In other words, Robertson attributes the invention of race and civil rights to the rise of the welfare state. For Robertson, the welfare state has in fact created inequality between African Americans and ‘white trash.’ In Robertson’s lived experience, they used to be equals, ‘godly,’ ‘happy.’ After the welfare state allegedly elevated them with ‘entitlement’ and ‘welfare,’ Robertson now perceives them as playing the victim card by ‘singing the blues,’ paradoxically elevated above ‘white trash’ by the state. If there’s anyone marginalizing his voice, then, he thinks it’s the welfare state.

In short, Robertson’s comments are ideologically libertarian, playing into the ideological work of the Right. By blaming the state for racial inequality, Robertson suggests that the welfare state must be dismantled. Government is too big, he thinks. He laments that the private sphere is hurting. 

But with the introduction of the freedom of speech and censorship material, Robertson’s welfare state becomes merged with private corporations as the ‘cultural and political elites’ whose tolerance is intolerant of Robertson’s reading of Scripture. I recognize, of course, that the material about elites has resonances with sociologist James Davison Hunter’s analysis in Culture Wars and To Change the World of how ‘elites’ on both the right and the left have been contesting each other for control over America’s ‘cultural production’ in the latter half of the twentieth century. But what is interesting is that in this Duck Dynasty fiasco, the welfare state and the corporate media elite have been merged into one single elite apparatus that stands in the place of Congress making a law that violates its neutrality in not ‘respecting an establishment of religion, or prohibiting the free exercise thereof’ while  ‘abridging the freedom of speech, or of the press.’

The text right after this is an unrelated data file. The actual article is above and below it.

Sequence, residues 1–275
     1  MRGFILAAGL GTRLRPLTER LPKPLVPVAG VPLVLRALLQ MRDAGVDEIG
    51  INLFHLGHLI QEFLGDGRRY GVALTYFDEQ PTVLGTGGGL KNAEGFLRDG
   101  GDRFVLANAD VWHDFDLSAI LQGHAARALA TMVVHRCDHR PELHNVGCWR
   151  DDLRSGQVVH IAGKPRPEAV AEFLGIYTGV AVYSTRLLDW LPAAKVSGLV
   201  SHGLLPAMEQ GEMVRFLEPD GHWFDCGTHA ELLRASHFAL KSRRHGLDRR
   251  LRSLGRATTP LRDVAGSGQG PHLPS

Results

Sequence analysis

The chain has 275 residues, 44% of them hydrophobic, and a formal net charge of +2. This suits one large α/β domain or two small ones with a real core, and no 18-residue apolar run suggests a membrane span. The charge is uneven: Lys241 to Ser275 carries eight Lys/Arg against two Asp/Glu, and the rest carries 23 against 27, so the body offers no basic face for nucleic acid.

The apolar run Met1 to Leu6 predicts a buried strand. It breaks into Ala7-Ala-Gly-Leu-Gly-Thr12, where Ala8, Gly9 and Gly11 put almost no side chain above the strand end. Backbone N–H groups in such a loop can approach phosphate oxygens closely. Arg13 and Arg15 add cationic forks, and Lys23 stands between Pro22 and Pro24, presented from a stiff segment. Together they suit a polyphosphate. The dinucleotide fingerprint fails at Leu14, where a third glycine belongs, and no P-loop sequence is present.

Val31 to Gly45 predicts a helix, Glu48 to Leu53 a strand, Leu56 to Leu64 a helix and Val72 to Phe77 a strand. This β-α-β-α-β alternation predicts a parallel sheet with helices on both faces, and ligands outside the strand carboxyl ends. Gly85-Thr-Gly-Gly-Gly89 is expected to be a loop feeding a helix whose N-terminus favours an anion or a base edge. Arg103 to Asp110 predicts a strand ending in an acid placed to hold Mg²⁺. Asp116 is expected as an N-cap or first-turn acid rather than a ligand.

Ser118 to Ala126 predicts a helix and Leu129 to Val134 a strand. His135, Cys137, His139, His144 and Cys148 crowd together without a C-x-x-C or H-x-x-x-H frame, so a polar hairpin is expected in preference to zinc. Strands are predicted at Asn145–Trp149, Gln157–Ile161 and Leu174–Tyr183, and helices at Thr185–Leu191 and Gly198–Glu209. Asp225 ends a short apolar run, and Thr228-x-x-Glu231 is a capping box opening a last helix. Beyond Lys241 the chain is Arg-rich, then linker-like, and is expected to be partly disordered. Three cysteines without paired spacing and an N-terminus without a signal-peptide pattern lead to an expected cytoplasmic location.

In short, even if these critiques were to call for the elevation of the private sphere and the dismantling of an activist welfare state (just as Robertson is doing in his comments on race), the freedom of speech would still be abridged. Yes, this is a critique of big government, but it’s not a government that is big and bloated because the state apparatus is inordinately large. It’s because the private sphere and the state are irreducibly one.

And thus, we return to Kim Kardashian and Kanye West. At the Harvard Graduate School of Design, West declared, ‘I really do believe the world can be saved through design and everything actually needs to be architected,’ before lamenting that ‘there’s traditionalists that hold back the good thoughts and there’s people in offices that stop the creative people, and are intimidated by actual good ideas’ that could result in the realization of ‘utopia.’ Kanye West is saying the same thing as those denouncing A&E; for censoring the marketplace of ideas. There is a neoliberal paradise that they all imagine together, one in which private institutions design social structures that can lead away from the imposing interventions of the welfare state. And yet, those very same private institutions hold the world back from utopia by suppressing free creative expression because they are self-interested. This is an unintentional concession that the internal contradictions of the private consensus may render its promises of paradise practically non-viable.

I suspect it’s because of that that the private consensus is unraveling.

POSTSCRIPT: For those who want to have an excuse to track Kimye more closely, I encourage all of my readers to follow @KimKierkegaard and @KanyeHauerwest on Twitter.

UPDATE: For the sake of shorthand, we will be referring to today’s post in forthcoming entries as the Kimye hermeneutic. Be forewarned.